Multi-tasking is one approach many take to make better use of their time. By doing two or more things at once, you will supposedly get more done in the same amount of time. But how many times does multi-tasking end up producing frustration instead of efficiency—especially when there are other people involved?

For instance, suppose I’m responsible for watching the kids one night. But while doing so, I also try to do a few things at the same time. Now, as long as the children are preoccupied, I may be able to focus on something else for a while. But as soon as they need me or want me to do something with them, my attention gets diverted. In itself, this isn’t a problem. The problem is that if it happens frequently, I may grow frustrated over their continual need for attention. And all because I’m not able to complete the other things I was hoping to do simultaneously. It’s not the kids’ fault; it’s mine. And it’s because I was trying to do too many things at once.

But if rather than trying to do multiple things at once, I choose to do just one thing at a time, I don’t have the same conflict. I don’t grow frustrated by being pulled away from the other thing I’m trying to do—there is no other thing.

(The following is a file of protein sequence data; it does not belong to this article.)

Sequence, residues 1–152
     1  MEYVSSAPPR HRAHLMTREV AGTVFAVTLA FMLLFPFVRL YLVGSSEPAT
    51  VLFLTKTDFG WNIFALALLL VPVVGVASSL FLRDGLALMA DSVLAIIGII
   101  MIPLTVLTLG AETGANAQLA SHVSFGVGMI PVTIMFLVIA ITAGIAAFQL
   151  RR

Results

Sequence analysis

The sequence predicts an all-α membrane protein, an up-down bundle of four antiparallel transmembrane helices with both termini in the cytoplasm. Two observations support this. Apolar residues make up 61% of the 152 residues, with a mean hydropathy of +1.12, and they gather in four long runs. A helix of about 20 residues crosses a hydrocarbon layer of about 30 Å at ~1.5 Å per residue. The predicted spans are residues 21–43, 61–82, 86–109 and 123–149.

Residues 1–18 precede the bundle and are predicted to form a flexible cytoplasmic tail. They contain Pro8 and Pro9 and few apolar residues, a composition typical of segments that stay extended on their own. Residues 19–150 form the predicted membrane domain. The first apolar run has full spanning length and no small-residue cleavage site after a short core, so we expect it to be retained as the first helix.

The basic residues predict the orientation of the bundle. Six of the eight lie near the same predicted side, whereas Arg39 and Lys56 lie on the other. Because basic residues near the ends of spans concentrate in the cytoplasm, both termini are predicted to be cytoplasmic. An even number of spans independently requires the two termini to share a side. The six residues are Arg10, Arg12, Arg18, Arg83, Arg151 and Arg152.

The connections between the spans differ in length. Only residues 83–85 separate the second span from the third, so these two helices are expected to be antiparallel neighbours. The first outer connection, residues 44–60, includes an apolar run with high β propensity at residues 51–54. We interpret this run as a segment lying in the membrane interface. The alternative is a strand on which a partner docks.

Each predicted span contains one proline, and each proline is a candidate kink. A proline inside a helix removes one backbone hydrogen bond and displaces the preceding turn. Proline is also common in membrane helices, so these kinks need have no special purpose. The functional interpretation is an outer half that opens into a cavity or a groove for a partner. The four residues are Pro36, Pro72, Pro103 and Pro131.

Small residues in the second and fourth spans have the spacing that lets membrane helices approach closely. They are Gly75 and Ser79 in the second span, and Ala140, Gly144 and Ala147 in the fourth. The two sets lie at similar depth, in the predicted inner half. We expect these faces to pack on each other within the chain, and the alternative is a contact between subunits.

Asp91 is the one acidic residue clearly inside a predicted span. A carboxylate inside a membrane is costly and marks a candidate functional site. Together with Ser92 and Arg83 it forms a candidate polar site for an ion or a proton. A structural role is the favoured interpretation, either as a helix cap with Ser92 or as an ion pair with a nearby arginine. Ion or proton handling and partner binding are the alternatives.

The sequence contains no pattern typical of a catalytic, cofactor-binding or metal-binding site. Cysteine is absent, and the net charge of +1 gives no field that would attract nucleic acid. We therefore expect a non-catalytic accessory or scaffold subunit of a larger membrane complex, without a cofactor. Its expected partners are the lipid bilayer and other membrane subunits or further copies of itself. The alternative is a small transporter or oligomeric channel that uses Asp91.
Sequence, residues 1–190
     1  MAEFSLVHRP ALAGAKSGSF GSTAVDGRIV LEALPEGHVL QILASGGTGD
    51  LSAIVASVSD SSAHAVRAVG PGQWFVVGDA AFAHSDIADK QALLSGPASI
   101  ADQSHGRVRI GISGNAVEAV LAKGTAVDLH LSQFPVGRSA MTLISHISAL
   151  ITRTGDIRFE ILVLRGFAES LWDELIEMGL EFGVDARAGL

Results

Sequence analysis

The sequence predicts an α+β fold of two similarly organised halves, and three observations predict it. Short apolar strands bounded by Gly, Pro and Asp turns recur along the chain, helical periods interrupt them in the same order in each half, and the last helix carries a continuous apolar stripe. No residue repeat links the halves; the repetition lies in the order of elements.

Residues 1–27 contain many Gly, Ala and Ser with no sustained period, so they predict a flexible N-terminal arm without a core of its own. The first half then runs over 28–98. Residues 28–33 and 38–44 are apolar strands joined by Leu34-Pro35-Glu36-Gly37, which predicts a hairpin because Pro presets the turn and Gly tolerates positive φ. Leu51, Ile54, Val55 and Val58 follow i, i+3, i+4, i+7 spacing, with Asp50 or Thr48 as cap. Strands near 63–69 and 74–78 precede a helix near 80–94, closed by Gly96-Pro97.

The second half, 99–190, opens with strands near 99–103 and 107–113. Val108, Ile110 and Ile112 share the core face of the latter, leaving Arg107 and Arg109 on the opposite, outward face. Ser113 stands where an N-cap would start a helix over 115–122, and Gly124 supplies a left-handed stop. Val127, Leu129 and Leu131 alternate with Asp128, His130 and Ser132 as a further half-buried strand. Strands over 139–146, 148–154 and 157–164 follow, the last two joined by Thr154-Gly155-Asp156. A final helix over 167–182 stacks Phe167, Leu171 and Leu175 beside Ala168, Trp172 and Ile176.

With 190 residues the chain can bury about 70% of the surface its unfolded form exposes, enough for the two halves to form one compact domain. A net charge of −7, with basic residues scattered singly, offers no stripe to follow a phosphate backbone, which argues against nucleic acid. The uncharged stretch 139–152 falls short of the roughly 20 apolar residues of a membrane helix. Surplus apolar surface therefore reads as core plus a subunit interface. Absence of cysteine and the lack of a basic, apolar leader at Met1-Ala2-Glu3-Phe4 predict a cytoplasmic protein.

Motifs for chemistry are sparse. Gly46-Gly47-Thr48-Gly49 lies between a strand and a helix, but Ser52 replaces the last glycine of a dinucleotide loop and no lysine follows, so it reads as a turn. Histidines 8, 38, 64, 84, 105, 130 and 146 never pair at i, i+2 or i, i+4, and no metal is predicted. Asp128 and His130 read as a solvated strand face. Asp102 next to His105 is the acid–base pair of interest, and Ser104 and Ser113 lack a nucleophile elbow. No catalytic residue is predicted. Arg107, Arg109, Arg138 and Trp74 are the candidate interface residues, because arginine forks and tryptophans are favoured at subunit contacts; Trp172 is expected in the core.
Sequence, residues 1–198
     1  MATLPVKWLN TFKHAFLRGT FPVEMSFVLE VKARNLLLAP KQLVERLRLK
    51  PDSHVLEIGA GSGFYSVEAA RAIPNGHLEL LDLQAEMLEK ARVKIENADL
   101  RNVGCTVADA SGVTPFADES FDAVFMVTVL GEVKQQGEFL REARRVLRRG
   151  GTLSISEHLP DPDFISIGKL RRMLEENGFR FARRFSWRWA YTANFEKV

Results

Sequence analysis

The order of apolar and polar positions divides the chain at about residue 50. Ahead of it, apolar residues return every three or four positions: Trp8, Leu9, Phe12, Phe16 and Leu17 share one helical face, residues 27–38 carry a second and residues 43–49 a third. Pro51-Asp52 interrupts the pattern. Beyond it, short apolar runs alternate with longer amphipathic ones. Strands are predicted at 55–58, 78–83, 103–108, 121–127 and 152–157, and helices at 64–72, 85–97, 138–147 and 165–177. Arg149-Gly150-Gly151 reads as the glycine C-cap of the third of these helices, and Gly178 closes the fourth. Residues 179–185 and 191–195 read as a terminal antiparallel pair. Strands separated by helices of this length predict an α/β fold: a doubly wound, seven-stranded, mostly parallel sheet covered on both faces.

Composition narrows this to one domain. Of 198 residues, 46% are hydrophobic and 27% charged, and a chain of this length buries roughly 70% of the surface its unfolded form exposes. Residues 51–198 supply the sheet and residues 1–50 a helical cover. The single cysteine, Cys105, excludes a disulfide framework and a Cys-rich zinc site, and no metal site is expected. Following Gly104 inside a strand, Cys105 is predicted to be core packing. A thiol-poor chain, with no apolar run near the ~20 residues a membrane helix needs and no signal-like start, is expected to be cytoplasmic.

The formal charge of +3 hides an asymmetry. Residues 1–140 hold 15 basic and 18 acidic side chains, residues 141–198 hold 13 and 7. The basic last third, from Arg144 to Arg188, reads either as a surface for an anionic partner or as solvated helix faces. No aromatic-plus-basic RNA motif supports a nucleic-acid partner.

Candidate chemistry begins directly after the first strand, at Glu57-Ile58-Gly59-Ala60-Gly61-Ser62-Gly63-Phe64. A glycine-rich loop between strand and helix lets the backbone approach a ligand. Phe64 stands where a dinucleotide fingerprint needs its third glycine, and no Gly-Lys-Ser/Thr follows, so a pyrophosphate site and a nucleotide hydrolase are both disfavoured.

For me, choosing to focus on one thing at a time usually results in a better experience. I can give more attention to whatever I’ve chosen to do. I don’t get frustrated in trying, but failing, to do multiple things at once. Frustrations in life are bound to arise without my help. So why set myself up for more of them by consciously choosing to try to split my attention.

Yes, that may mean I won’t get as much stuff done. But the quality of what I do will improve. Regardless of what I’m trying to do, fragmented attention is not an ingredient of quality. Choosing to focus on one thing at a time provides an opportunity to give my all to whatever is in front of me.

Choosing to reduce how much you multi-task may cause you to not get to everything you wanted (the overabundance of things to do is why you’re trying to multi-task in the first place, right?). You may even drop some things because you don’t have enough time for them. But in choosing to focus, you may not only be surprised at how much you still accomplish, but you’ll also experience a pleasant reprieve from the frustration that multi-tasking can create.